Storm chasing is the pursuit of severe storms, regardless of motive. A chase can be as simple as following a storm near the town a storm chaser resides in. Or, it can be as complex as driving across several states.
Like most activities, storm chasing includes associated risks. Mitigation of such risks will increase overall safety through knowledge, preparation, and making good decisions.
Is Storm Chasing Dangerous?
The honest and simple answer is yes, storm chasing is dangerous. It involves a lot of driving, and whether storm chasing or not, driving is often dangerous. Traffic-related fatalities make up for the largest number of storm chaser deaths while storm chasing.
Storm chasing began in the late 1950s when David Hoadley started pursuing storms in North Dakota for photography. Chasing gained in popularity throughout the 1970s and 80s as research into severe storms began to grow.
About 50-years after storm chasing began, chaser Jeff Wear lost his life when a sudden downpour caused his vehicle to hydroplane into oncoming traffic. Jeff was the first storm chaser to die in a weather-related accident, even though it was officially a traffic accident.
Storm chaser Andy Gabrielson lost his life due to a wrong-way driver in 2012. Five years later, two Missouri based storm chasers who worked for The Weather Channel slammed into another chaser in Texas after running a stop sign. All three chasers died in that accident.
Risks to Storm Chasers
Traffic accidents are unfortunately not the only thing that has killed storm chasers. In 2013, storm chasers Tim Samaras, his son Paul and chase partner Carl Young lost their lives after a large, violent tornado overtook them near El Reno, OK.
The team was working to place in-situ probes in the tornado’s path. An exceptional combination of events happened that day, in which an already large and rain-obscured tornado swelled within less than a minute to 2.6 miles (4.2 km) wide simultaneously as it changed direction and accelerated.
Tim was a highly-experienced storm chaser who had operated near tornadoes for more than 20-years. During that same storm, a local and inexperienced storm chaser lost his life after following other storm chasers towards the storm.
Additionally, a crew from The Weather Channel experienced a vehicle rollover as the rear-flank downdraft pushed them off the road.
There can be no argument that every storm chaser impacted by the El Reno Tornado made bad decisions. That said, the storm itself was highly unusual and the circumstances were exceptional.
Tornadoes generally travel in a rather straight direction. This tornado traveled to the southeast and then to the northeast. It also grew extremely fast to become a very wide tornado with multiple vortices, making it extremely erratic.
Other Risks Associated With Storm Chasing
In my more than 20-years of storm chasing, two risks, in particular, have always concerned me the most. The first is other storm chasers and the second is lightning.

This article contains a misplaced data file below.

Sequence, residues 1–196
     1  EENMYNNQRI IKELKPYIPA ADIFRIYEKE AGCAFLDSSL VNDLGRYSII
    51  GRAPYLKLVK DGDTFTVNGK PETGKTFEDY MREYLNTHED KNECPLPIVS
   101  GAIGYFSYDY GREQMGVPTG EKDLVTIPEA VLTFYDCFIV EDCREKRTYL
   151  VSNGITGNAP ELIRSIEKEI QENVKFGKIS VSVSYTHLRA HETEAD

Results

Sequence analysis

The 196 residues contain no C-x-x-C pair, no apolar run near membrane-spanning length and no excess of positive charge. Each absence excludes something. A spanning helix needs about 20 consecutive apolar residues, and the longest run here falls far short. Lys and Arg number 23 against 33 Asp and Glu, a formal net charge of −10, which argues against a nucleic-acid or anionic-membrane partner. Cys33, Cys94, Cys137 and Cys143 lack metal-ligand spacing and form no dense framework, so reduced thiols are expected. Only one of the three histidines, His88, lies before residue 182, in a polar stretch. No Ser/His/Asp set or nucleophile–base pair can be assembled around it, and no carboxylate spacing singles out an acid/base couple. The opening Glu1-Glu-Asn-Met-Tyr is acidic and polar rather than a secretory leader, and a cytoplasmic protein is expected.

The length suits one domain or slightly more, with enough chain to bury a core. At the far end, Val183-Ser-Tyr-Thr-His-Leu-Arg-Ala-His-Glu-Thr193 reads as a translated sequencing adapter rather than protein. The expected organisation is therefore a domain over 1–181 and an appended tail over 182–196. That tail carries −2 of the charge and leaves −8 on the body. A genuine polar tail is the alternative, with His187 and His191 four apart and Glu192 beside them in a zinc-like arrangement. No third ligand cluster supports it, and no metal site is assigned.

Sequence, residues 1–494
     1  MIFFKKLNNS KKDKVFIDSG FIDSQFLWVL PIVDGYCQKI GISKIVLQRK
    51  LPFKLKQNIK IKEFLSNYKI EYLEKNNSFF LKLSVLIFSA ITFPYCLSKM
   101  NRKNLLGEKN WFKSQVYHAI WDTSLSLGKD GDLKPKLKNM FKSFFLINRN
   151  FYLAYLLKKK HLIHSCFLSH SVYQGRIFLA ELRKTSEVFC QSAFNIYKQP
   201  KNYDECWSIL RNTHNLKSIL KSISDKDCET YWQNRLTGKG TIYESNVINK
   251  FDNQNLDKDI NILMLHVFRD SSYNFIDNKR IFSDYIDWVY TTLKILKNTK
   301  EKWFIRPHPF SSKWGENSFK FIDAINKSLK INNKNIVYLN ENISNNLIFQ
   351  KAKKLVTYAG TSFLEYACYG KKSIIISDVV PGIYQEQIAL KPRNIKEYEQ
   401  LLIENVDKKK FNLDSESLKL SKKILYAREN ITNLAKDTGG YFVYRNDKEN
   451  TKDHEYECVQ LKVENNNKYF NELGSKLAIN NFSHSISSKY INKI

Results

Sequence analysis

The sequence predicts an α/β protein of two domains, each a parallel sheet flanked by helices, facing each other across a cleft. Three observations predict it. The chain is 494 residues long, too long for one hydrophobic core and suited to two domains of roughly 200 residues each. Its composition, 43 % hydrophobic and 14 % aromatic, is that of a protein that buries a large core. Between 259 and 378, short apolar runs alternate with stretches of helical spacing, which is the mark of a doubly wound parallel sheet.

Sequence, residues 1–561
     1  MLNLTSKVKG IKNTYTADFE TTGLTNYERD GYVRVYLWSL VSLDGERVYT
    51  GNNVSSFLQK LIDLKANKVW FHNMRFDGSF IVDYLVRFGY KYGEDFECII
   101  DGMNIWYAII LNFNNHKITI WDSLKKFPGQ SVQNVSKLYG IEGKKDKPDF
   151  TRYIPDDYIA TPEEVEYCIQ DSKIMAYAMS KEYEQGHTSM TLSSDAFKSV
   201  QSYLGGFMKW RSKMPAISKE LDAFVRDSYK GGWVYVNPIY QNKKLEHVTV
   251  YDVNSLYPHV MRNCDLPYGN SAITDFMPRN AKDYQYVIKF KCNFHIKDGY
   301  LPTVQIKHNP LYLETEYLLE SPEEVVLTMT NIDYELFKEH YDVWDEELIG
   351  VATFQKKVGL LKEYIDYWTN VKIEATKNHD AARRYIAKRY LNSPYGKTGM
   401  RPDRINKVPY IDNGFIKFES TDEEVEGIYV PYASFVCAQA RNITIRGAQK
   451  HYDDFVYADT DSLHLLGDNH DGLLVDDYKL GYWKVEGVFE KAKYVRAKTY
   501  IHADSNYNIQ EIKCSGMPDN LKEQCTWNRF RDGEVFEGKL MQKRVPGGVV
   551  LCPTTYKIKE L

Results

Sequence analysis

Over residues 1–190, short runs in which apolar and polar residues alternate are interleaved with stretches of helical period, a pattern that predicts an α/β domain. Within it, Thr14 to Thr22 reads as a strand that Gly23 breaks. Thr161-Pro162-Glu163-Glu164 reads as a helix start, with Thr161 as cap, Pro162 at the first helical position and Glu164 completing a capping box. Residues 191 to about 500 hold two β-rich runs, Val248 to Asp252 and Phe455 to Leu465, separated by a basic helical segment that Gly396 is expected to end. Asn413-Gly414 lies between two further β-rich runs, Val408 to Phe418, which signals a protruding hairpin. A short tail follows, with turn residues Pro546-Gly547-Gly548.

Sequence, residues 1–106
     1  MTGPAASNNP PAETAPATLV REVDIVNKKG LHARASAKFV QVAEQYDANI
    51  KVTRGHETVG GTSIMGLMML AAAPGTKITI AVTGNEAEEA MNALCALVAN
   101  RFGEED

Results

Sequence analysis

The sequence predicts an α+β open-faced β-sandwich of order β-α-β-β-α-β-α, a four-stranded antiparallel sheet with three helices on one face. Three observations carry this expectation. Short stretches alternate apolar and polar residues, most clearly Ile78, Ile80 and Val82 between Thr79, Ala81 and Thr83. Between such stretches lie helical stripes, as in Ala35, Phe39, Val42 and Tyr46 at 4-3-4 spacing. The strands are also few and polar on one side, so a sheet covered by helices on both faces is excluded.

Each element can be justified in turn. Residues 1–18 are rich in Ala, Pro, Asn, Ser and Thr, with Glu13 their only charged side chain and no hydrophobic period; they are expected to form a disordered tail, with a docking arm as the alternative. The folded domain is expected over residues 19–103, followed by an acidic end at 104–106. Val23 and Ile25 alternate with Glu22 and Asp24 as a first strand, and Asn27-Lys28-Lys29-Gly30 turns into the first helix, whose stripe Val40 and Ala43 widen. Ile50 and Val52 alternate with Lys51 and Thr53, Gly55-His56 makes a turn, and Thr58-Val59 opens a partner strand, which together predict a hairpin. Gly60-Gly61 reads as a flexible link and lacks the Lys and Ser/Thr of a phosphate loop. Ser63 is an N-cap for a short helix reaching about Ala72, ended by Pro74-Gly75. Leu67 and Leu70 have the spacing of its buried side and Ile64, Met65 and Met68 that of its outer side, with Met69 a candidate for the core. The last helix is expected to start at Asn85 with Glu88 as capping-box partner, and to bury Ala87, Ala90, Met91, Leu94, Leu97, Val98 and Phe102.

A storm chaser has control over their actions and decisions. We can decide to observe a storm from a safe distance from a tornado so winds and debris are not a factor. However, lightning is different.
A lightning bolt can travel up to 25-miles from the source. A storm chaser will not see anything if they stay 25-miles away from the storm they are chasing. As a result, we are always at risk of lightning strikes.
I have had two very close calls in my life, one of them during my childhood well before I knew anything about storm chasing. That event sent me into the emergency room completely unresponsive and without a heart rate.
Lightning nearly struck me a second time while storm chasing in Texas in 2005. While documenting a multi-vortex tornado about a mile away, lightning hit a power transformer just behind me.
The transformer exploded and the flames caught my shirt on fire. I quickly stopped, dropped and rolled and continued to roll right under my chase vehicle with my camera still recording the tornado!
Lightning Mitigation Strategy
Lightning is very dangerous and unpredictable. Other than deciding to not chase at all, there is no way to mitigate its dangers. However, the safest place to be when lightning is active is inside the vehicle. Most people still believe it’s the rubber tires that protect people, it isn’t.
A vehicle’s metal roof and sides will protect its occupants from lightning. When lightning strikes a vehicle, the current flows through the frame and into the vehicle’s ground. As a result, if you’re in a lightning core, the safest thing to do is get back into your vehicle and don’t touch anything that is made of metal.
I also have large fuses and safety disconnects on my vehicle’s after-market electronics such as radios, scanners, and computers. I can even disconnect my roof-mounted antennas with a simple switch. This will prevent current from flowing into these devices if the vehicle is hit by lightning.
Aside from lightning, the biggest risk to storm chasers, in my opinion, is other storm chasers. I have noted on several occasions storm chasers operating a vehicle with their eyes on the storm and not the road. This is very dangerous particularly because storm chasers often stand along the sides of the road while taking photographs.